An occupational hazard of keeping chickens is that occasionally they get ill. This week it appears to be Eileen’s turn. Eileen has always been the one of those hens who trails behind all the others and, while I wouldn’t quite describe her as two beats behind the band, she is definitely the last one to arrive at the party. This means that she is the sort of bird whose lack of condition could easily be missed by many keepers and especially those with a busy schedule and a large flock.
|Obviously under the weather.|
It takes a keen eye to spot the early signs of deterioration in a bird that is not as forward as the others and a slightly hunched posture can seem like just a reaction to the freezing temperatures especially when other birds are doing the same. But experience and knowledge of my individual birds has taught me to tell the difference and she quickly caught my attention.
She started showing signs of feeling under the weather earlier in the week and I have been keeping a close eye on her and checking her weight and her crop. The early signs were dull eyes and reduced enthusiasm for her food. Although she is eating, she had stopped making the little pworking and cooing noises that the others make and gradually began to look a bit hunched and miserable.
Chickens do occasionally get ill and then bounce back but sometimes sadly they do not, despite a lot of effort. My first chicken to ever get ill was my most favourite hen Bluebell. Despite rushing her to the vet for antibiotics, squirting water and oil down her throat and massaging her crop, I couldn’t hold on to her. I was heartbroken, much more upset than I imagined I would ever be about a chicken.
|Bright eyed and bushy tailed!|
Bluebell taught me so much about the wonderful nature of Croads but perhaps the most valuable lesson I learned from her was that sometimes, no matter how much you love them and how much you try...chickens die.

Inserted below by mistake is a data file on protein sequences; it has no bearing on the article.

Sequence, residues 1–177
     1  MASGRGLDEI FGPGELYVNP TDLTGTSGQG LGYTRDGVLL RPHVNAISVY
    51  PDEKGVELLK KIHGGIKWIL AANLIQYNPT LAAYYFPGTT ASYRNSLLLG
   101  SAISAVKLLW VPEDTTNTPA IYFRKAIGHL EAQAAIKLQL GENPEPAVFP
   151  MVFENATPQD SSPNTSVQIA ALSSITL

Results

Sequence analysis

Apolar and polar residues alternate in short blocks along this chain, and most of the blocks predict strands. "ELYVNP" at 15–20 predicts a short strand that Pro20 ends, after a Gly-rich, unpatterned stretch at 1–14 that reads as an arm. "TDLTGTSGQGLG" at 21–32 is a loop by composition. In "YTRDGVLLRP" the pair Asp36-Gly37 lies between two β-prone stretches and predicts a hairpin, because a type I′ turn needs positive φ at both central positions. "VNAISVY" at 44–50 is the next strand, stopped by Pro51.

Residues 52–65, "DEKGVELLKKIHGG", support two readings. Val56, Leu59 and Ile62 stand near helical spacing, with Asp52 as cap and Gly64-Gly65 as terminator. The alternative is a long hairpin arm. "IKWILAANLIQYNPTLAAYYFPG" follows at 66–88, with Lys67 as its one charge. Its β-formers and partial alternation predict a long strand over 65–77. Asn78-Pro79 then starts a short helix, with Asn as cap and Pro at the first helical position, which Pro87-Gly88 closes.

When working out what action to take about a sick hen, I find that I try and strike a balance between how ill they are and how much stress I will subject them to by handling and confining them. An early inspection is essential however and any hen which is injured or in pain should be treated by a vet or dispatched and not allowed to suffer. The birds that I hatch in the incubator are much more relaxed when being brought into the utility room to be cared for indoors, but Eileen was raised by a broody so treating her outdoors will be the least stressful for her. Birds which are very ill will be too sick to care where they are treated. Fortunately little Eileen is not at that point yet.
Having worked a little diatomaceous earth into the hens’ feed this week to tackle any internal parasites, and some poultry tonic into their water in an attempt to give them all a little boost, everyone is looking bright eyed and bushy tailed...except Eileen. I decided to put her in a coop of her own today with a dish of chick crumb, mixed with a little corn and dusted with poultry spice. Chick crumb is easier to digest than layers pellets and has higher levels of protein, as well as being medicated, so this should help her condition.
She is well enough to potter about the coop and wander up and down trying to work out how to get out and join the others. My aim over the next few days is to try and get her to eat as much as possible and build up her condition. Tempting her to fill up on her favourite things will be the secret, so tuna, egg, porridge, cheese and even cat food will be on the menu. My only challenge may be that if she gets too agitated by being confined, she won’t want to eat. I’ll let you know.